George Lucas: Well, obviously, there’s the dark world and the light world, and this one, rather than the dark side of the Force and the light side of the Force, it has to do with the fairies, and the happiness, and all that kind of stuff. And then the ones that are unhappy – because if you’re mean, you’re unhappy. That’s why you’re mean in the first place. So, I wanted the Bog King to be as ugly as I could possibly make him, and so we took a praying mantis and a cockroach, I said, well, we’re not going to use a real animal; we’re going to make up one that’s the ugliest thing you could possibly find. And of course, then everybody went berserk and said, how can you possibly do this? You know, you’ve got a cute little, butterfly fairy, and this- there was a lot of skepticism about whether this idea was going to work at all. To me, it comes together, thanks to Gary, because there was a controversy also around whether they should kiss in the end. And you know, they kiss in the end, and so far nobody’s jumped up and said, well, this is disgusting, or kids running out going, yeahhh. It works. We made the most disgusting person we could create, be loveable and have [Marianne kiss him] without you saying, well, that’s not even credible because it is credible. You know why they love each other; you know why they’re together. It wasn’t as hard with Sunny and Dawn, but you know, those things, you stretch, and when you look at it from the beginning, everybody goes, well, wait a minute, especially when we have the drawings. They looked at the drawings and they said, you’re not really gonna have this cute little girl fall in love with this ugly old man? And for me, having gone through an experience in life where, I got married, got divorced and then adopted a bunch of kids and raised my kids, and went on, and was a bachelor for twenty years, and had the bachelor life and all that kind of stuff, but you know, I wanted to get married again, but I knew that the people that I was going out with, they weren’t the kind of people I would marry. And I thought, well, I’ll never find that person, and I literally had given up and said, it’s never going to happen. I just can’t- there’s no way I could find that person. And then I met my wife who is completely opposite of me in every possible way, but inside, we’re exactly the same. It’s eerie that we’re so much the same. And part of it is, you know, I mean, I was obviously quite a ways down the road- this was eight years ago. But it did influence things, and to say, love is strange. I mean it’s like this funny thing that happens, and it gets beyond- by this time, I was way beyond the old infatuation stage, because I was sixty, and suddenly things were clearer because I found somebody that agreed with me, had the same moral values, had the same interests, and everything was exactly the same, we can finish each other’s sentences, she’s a great pal. I’m saying that, that idea is what you’re really looking for.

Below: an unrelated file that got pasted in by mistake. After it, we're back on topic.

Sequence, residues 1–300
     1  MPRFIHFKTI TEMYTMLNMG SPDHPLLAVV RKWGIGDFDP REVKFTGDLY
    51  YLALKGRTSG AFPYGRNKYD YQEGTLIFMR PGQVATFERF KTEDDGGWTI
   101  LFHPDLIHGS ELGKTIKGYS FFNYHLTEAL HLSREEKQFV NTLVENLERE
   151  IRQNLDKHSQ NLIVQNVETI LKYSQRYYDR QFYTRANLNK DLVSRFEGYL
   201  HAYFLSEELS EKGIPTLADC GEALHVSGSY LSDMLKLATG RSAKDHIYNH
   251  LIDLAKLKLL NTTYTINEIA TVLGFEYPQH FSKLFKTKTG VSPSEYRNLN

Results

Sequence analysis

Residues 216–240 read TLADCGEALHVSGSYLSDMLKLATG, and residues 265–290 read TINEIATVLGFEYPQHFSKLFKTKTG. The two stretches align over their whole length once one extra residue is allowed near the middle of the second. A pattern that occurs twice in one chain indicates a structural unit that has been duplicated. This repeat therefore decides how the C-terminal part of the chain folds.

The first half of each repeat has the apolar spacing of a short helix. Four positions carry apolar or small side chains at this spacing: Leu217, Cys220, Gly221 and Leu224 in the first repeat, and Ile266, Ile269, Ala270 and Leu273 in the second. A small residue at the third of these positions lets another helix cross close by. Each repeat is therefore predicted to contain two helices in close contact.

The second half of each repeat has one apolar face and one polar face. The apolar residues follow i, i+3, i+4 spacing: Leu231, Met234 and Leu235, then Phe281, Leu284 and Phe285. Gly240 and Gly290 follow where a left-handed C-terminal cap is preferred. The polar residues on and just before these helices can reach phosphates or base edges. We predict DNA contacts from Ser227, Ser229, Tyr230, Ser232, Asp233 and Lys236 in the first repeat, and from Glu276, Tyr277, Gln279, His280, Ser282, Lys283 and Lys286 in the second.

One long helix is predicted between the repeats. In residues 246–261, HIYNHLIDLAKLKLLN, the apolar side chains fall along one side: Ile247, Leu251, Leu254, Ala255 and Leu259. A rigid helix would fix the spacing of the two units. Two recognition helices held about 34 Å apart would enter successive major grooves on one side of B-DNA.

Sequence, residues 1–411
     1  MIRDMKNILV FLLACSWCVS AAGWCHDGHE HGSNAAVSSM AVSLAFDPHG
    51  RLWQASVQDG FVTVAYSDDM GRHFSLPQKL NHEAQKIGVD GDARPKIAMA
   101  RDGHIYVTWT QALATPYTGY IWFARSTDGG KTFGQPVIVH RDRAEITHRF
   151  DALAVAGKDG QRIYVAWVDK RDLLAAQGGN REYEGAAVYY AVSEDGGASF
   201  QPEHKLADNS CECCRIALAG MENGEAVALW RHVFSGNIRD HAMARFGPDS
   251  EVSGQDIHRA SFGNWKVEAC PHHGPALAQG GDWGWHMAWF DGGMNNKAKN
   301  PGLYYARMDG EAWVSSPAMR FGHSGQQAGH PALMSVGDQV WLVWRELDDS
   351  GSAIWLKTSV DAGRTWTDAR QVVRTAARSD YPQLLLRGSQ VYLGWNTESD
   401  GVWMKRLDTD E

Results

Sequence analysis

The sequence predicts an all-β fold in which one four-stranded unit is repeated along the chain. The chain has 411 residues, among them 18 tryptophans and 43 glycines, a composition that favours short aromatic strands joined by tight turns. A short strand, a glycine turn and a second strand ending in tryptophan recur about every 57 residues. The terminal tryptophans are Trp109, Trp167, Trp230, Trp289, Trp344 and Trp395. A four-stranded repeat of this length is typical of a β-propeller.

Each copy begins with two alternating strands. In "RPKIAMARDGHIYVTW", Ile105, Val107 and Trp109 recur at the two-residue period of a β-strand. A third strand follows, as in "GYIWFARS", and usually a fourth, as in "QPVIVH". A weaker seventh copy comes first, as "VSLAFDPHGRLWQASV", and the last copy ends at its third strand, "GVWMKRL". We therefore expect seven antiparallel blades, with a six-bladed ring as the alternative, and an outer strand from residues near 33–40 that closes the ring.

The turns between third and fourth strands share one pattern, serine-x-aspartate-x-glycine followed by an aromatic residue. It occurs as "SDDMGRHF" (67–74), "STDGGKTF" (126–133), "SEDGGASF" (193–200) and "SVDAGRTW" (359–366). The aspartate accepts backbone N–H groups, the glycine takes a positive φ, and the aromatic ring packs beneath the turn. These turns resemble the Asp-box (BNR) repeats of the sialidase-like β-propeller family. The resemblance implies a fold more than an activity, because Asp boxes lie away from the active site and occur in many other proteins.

Question: Why did you make the movie?
George Lucas: I made the movie because I wanted to have fun and I wanted to make a movie where I love music. Where if I make a movie that has a whole bunch of music in it, then I get to listen to the music all day long. I don’t have to say, well, I’ve gotta go back to work, and I’ve gotta stop listening to the music. I get to listen to the music and go to work.
Strange Magic is in theaters now!!
Written by a confirmed Disney Addict and movie lover…My name is Diane and I love all things Disney!!! I’m a former Disney College Program Cast Member, a Disney College of Knowledge Graduate, an Annual Walt Disney World Passholder and current East Coast Entertainment Writer for Chip and Co.